Syrian rebels seize key helicopter base, activists say
If rebels can deprive the government of its bases, it will be harder for Syrian President Bashar Assad’s forces to resupply, move troops and unleash the aerial strikes that have become a trademark of the nearly 22-month war.
Los Angeles Times
BEIRUT - Syrian rebels said Friday that they had seized a strategic air base in northwestern Idlib province, depriving the government of its ability to carry out helicopter airstrikes in the area.
The Taftanaz air base has been used by the government to stage helicopter attacks on rebels in the province, adjacent to the Turkish border. The campaign to seize it had been spearheaded by hard-line Islamic fighting groups, such as Jabhat Al-Nusra, or the Al-Nusra Front, which is affiliated with al-Qaida.
“It was fully liberated, today in the morning. There are no elements from the regime at all, and now the FSA (Free Syrian Army) has complete control,” a rebel said Friday in an interview by Skype. He called himself Ismaili Taftanazi, after the name of the air base.
The Syrian government had no comment on the status of Taftanaz, but if the claim is confirmed, it would amount to a major victory for the Islamist fighters, who have concentrated on peeling off air bases from the Assad government.
If they can deprive the government of its bases, it will be harder for Assad’s forces to resupply, move troops and unleash the aerial strikes that have become a trademark of the nearly 22-month war.
A rebel victory would also solidify control of rebel-held territories in Idlib. The base is the province’s biggest airstrip for attack helicopters. Finally, it would provide a morale boost to fighters carrying out a similar campaign on the three major air bases in Aleppo province.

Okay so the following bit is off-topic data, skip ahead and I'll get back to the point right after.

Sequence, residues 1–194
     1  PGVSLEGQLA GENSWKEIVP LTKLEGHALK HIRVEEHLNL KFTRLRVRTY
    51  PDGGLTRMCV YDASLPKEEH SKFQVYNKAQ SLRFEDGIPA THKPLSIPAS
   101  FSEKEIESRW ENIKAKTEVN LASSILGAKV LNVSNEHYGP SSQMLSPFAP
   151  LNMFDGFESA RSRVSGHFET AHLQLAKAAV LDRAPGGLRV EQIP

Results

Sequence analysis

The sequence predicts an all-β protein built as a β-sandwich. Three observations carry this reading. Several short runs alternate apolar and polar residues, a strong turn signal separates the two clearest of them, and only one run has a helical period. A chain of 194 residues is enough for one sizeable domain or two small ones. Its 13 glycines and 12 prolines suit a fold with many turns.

The rebels, while apparently winning the battle, were not on the verge of seizing the entire province, where the government still holds the city of Idlib and several key military installations. Even after losing the base, the Syrian air force was able to use MiG fighters to shell it, Taftanazi said.
Many Syrians remain wary of the fighters, alarmed by the role of hard-line Islamist groups such as Al-Nusra in the uprising.
The current round of fighting lasted 10 days, according to another rebel, who gave his name as Hazem al Shami. The rebels had been trying to seize Taftanaz for months.
In Friday’s assault, the rebels said they pounded the base with a few tanks, artillery, mortars and heavy machine guns.
“Taftanaz is an important victory,” said Jeffrey White, a defense fellow at the Washington Institute for Near East Policy. “The rebels showed their ability to take positions even if it takes a long time. ... (And) it shows a paralysis in the regime command. They can’t figure out how to deal with these situations. You have to wonder what effect it has inside the regime. What tales are being told in the inner circle about the air force’s effectiveness.”
White said he expected the victory would free up fighters to help rebel efforts to take at least another two critical bases in Idlib.
The rebels captured 15 to 20 helicopters that were damaged and at least two tanks and one rocket, according to rebels and to White, who surveyed footage posted on YouTube. Videos displayed the rebels showing off their captured tanks, helicopters and other spoils.
The rebel claims that they had captured the base came as the international envoy on the Syria crisis, Lakhdar Brahimi, met with senior Russian and U.S. officials in Geneva in hopes of reviving efforts to find a political solution to the conflict.
Brahimi made clear afterward that no agreement was close and repeated the need for a political solution to the conflict, which began as a movement demanding democratic reform.
Material from The New York Times is included in this report.